*

Applies to pulmonary artery cannulation only.

Figure 7-17. Immediate and delayed complications associated with central venous and pulmonary artery catheter insertion [7]. (Adapted from Venus and Mallory [7].)

Figure 7-18. Pericardiocentesis procedure. Pericardiocentesis is used for relief of cardiac tamponade and for diagnosis of a pericardial effusion. A paraxiphoid approach most commonly is used (A) because it avoids the pleura and coronary vessels. A left parasternal approach through the fourth interspace can be employed. A 12- to 18-cm, 16to 18-gauge, short-bevel cardiac needle is attached to a 10-mL syringe. A sterile alligator clip is attached to the metal needle and an electrocardiographic V-lead (B). For the paraxiphoid approach, the skin is entered just below the costal margin lateral to the xiphoid and the needle is advanced at a 45 angle under the ribs toward the clavicular midpoint, while gentle traction is applied continuously on the syringe plunger. For the left parasternal approach, the needle is advanced through the fourth intercostal space at the sternal border and perpendicular to the chest wall. When deep to the costal arch, the hub is depressed and the needle directed toward the left shoulder with ongoing aspiration.With either approach, an ST-segment elevation (injury current) (C) must be monitored for when the needle tip touches the ventricular epicardium. (PR elevation results from atrial epicardial contact.) When fluid is obtained, the needle is stabilized with a hemostat at the skin surface. Removal of only 20 mL of fluid or blood may be life saving in cardiac tamponade. ECGelectrocardiography.

Figure 7-18. Pericardiocentesis procedure. Pericardiocentesis is used for relief of cardiac tamponade and for diagnosis of a pericardial effusion. A paraxiphoid approach most commonly is used (A) because it avoids the pleura and coronary vessels. A left parasternal approach through the fourth interspace can be employed. A 12- to 18-cm, 16to 18-gauge, short-bevel cardiac needle is attached to a 10-mL syringe. A sterile alligator clip is attached to the metal needle and an electrocardiographic V-lead (B). For the paraxiphoid approach, the skin is entered just below the costal margin lateral to the xiphoid and the needle is advanced at a 45 angle under the ribs toward the clavicular midpoint, while gentle traction is applied continuously on the syringe plunger. For the left parasternal approach, the needle is advanced through the fourth intercostal space at the sternal border and perpendicular to the chest wall. When deep to the costal arch, the hub is depressed and the needle directed toward the left shoulder with ongoing aspiration.With either approach, an ST-segment elevation (injury current) (C) must be monitored for when the needle tip touches the ventricular epicardium. (PR elevation results from atrial epicardial contact.) When fluid is obtained, the needle is stabilized with a hemostat at the skin surface. Removal of only 20 mL of fluid or blood may be life saving in cardiac tamponade. ECGelectrocardiography.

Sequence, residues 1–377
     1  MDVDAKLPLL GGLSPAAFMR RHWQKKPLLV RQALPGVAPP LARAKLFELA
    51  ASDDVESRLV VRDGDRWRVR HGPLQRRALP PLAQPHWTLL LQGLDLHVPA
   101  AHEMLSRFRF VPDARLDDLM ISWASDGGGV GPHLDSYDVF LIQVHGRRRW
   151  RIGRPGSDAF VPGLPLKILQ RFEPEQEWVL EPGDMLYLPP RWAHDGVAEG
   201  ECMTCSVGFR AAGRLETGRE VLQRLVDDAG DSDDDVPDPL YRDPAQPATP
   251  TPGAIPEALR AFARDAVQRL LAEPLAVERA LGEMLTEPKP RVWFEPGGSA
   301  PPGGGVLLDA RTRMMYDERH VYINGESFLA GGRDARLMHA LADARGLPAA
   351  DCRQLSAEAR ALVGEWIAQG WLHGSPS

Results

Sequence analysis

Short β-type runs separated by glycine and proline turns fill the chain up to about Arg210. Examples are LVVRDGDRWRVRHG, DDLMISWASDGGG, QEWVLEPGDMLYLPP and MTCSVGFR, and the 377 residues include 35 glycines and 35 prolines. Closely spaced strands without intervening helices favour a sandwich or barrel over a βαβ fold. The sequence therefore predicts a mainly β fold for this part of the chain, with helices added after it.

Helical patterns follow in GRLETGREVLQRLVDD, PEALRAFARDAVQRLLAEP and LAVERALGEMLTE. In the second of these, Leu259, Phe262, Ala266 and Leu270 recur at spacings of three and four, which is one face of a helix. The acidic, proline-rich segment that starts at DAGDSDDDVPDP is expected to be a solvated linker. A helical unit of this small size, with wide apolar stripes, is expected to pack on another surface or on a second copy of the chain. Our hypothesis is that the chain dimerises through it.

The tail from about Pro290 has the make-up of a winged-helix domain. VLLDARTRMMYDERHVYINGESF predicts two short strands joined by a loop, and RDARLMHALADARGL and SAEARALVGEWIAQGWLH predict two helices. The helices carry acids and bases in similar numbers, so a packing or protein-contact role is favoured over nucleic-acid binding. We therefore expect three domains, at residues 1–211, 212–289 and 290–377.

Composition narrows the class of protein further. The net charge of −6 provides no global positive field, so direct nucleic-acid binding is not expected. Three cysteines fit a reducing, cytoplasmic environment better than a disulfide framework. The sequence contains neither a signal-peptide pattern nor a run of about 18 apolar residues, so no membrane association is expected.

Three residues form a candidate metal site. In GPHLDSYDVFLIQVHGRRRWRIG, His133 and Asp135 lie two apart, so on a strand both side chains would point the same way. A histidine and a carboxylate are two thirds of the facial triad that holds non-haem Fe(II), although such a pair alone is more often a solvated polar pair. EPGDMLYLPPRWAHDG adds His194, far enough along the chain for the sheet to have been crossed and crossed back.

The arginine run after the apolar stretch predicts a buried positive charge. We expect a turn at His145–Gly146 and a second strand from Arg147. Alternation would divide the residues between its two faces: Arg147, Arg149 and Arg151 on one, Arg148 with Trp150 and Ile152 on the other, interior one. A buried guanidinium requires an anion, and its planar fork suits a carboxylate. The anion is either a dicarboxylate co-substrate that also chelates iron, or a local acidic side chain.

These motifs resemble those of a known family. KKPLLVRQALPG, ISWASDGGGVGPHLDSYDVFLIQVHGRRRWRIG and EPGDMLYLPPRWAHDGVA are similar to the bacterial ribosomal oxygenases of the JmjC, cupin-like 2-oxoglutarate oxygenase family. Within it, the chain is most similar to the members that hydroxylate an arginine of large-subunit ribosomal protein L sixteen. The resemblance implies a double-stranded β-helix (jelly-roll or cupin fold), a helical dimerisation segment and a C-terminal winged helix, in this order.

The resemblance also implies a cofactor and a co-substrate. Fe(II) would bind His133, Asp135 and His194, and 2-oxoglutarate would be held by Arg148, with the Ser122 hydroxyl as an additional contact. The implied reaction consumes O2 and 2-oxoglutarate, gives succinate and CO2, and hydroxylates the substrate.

Figure 7-18. Pericardiocentesis procedure. Pericardiocentesis is used for relief of cardiac tamponade and for diagnosis of a pericardial effusion. A paraxiphoid approach most commonly is used (A) because it avoids the pleura and coronary vessels. A left parasternal approach through the fourth interspace can be employed. A 12- to 18-cm, 16to 18-gauge, short-bevel cardiac needle is attached to a 10-mL syringe. A sterile alligator clip is attached to the metal needle and an electrocardiographic V-lead (B). For the paraxiphoid approach, the skin is entered just below the costal margin lateral to the xiphoid and the needle is advanced at a 45 angle under the ribs toward the clavicular midpoint, while gentle traction is applied continuously on the syringe plunger. For the left parasternal approach, the needle is advanced through the fourth intercostal space at the sternal border and perpendicular to the chest wall. When deep to the costal arch, the hub is depressed and the needle directed toward the left shoulder with ongoing aspiration.With either approach, an ST-segment elevation (injury current) (C) must be monitored for when the needle tip touches the ventricular epicardium. (PR elevation results from atrial epicardial contact.) When fluid is obtained, the needle is stabilized with a hemostat at the skin surface. Removal of only 20 mL of fluid or blood may be life saving in cardiac tamponade. ECGelectrocardiography.

Method

A. Assessing tracheal vs esophageal tube position Comments Tube movement can occur before taping the tube and with changes in head position No CO2 may be detected with severe bron-chospasm or in the fully arrested patient with absent pulmonary blood flow. CO2 may be exhaled from the stomach from prior mask ventilation Unreliable Unreliable Unreliable Unreliable Unreliable Unreliable Unreliable Excessive cuff volume may indicate a tube above the cords or in the esophagus Unreliable Not fail-safe even when done Can be seen with esophageal tube Reliable, but expensive, prone to breakage A late sign; may get some alveolar gas exchange with esophageal ventilation and hence slow desaturation